I think this is really strong though. This is exactly the kind of thing we need to teach kids, as you point out, and this is a really nicely-produced way of doing it. It has some problems with its wording, though – some of the arguments are poorly written and it’s hard to see where you’re supposed to be going, I think.

    I’d like to see a full game version of Natural Deduction though. The wiki page makes it look super complicated, but the right game would make it really fun.

  10. sub-program 32 says:


  11. Koozer says:

    Completely stuck on the wording of 9/10. What does it want me to say?? If it thinks smugness is a clue, and that smugness is a red herring, then (what does it want to go in here? Every combination I try to prove the contradiction fails)

    • Shiri says:

      What it wants is for you to reiterate the same line in the “THEN” as in the “THEREFORE” immediately after it.

      PROBABLY IRRELEVANT SPOILER MARK: if it thinks it’s a red herring, AND if it thinks it’s a clue, THEN it’s contradicted itself, THEREFORE it’s contradicted itself

      • Mr Labbes says:

        I actually needed a walkthrough for this, I still don’t understand why I should repeat that. Shouldn’t the “therefore” be implied in the “then”?

        • Shiri says:

          Not exactly. You do need to spell out the logical step between “A is true”, “if A is true then B”, and “in that case, B.” Some people (including me, I had to think about it for a few minutes) will get stuck precisely because we just skip ahead to the obvious conclusion, but skipping ahead is exactly what causes a lot of logic problems so I guess forcing yourself to do every step in order is part of the discipline of mental hygiene.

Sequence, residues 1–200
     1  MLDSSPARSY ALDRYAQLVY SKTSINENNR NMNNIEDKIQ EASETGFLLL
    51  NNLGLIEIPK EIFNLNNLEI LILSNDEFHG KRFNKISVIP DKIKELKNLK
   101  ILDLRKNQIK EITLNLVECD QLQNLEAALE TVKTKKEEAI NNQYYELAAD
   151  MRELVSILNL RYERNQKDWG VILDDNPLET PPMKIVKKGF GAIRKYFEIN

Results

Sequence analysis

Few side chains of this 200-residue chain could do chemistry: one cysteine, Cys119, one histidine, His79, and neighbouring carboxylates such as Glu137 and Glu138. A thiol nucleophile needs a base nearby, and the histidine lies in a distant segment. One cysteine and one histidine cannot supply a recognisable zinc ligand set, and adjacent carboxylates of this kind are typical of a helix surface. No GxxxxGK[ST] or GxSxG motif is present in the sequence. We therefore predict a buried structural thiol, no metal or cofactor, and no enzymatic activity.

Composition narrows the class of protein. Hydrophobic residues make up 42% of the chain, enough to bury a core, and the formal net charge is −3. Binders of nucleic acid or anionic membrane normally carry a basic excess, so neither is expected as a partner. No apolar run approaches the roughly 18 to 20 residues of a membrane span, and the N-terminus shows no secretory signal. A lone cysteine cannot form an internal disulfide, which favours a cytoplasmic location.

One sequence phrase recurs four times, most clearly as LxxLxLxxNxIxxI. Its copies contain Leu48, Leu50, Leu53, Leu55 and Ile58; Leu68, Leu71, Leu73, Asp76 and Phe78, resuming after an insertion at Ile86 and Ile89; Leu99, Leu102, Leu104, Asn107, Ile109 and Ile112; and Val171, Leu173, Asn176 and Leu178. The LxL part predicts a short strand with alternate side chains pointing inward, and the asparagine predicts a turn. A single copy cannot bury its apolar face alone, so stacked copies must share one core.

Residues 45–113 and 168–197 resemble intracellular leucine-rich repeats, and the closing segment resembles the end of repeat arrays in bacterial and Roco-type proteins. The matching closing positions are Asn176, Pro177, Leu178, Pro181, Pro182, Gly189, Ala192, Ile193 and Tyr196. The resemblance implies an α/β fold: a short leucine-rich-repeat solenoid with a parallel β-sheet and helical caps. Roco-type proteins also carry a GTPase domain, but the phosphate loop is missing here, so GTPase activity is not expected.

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      Hidden_7 says:

      This one struck me as the most poorly designed question. It’s the only one that doesn’t work in purely logical terms. That is, I was converting all the questions to symbols as I was doing them, and this is the only one that full on falls apart and doesn’t work purely symbolically.

      You’re presented with the premise that basically A->B, and then asked to prove B with that. You simply can’t, without making assumptions. At that point, just assume B and be done with it; it’s a pointless waste of time to bother assuming A first.

      What it wants you to do is recognize that semantically a red herring and a real clue are contradictory/opposites. Which is a leap of imbuing real meaning to the statements that isn’t required for other questions, and the sort of thing that usually just gets in the way of symbolic logic.

  12. Phantoon says:

    I liked how I switched the answers multiple times on #9, and the original answer I gave was the correct one, just that it didn’t accept it the first time for whatever reason.

  13. Legionary says:

    It’s interesting and fun, but because there are drop-down options it’s possible to reason your way to the correct answer by deciding which of the options it can’t be, rather than thinking about figuring out using logic which the correct one is on its own merits.

    • Shiri says:

      True, although “guess the verb” would probably be excruciatingly painful.

  14. Devan says:

    I fully support any endeavors that teach people more about formal logic. I’ll be checking this out for sure.